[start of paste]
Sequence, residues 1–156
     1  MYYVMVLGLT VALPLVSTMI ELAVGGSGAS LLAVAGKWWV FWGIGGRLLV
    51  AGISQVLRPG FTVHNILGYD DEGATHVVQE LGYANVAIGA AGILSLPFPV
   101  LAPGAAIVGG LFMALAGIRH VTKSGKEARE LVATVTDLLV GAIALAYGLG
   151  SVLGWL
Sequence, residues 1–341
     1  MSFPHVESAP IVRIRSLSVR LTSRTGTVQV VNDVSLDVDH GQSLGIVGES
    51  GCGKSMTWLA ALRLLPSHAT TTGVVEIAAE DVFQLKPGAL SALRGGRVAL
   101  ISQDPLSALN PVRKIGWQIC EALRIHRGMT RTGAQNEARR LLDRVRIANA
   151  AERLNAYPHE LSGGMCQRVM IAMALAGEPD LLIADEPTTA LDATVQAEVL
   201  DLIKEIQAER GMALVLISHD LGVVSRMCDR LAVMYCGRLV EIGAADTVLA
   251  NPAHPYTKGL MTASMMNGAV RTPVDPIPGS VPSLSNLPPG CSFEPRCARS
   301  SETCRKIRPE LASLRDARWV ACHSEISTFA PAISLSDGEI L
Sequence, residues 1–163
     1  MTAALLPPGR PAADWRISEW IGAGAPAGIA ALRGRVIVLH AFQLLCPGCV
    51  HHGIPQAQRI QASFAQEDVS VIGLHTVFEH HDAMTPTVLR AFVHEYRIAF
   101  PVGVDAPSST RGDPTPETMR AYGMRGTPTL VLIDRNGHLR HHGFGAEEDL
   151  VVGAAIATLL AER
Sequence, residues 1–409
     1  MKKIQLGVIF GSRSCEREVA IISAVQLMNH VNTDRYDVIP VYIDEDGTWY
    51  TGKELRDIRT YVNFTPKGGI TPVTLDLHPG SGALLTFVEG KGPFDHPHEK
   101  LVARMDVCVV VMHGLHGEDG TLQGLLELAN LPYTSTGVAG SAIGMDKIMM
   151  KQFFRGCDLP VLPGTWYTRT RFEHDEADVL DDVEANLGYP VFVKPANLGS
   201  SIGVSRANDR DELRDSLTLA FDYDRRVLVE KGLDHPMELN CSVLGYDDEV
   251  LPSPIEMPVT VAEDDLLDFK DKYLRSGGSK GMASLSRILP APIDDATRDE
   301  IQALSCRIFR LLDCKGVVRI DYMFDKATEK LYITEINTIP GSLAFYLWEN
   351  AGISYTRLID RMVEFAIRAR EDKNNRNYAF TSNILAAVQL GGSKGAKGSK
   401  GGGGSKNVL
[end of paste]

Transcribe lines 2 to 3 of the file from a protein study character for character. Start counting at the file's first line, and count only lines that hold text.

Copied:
     1  MYYVMVLGLT VALPLVSTMI ELAVGGSGAS LLAVAGKWWV FWGIGGRLLV
    51  AGISQVLRPG FTVHNILGYD DEGATHVVQE LGYANVAIGA AGILSLPFPV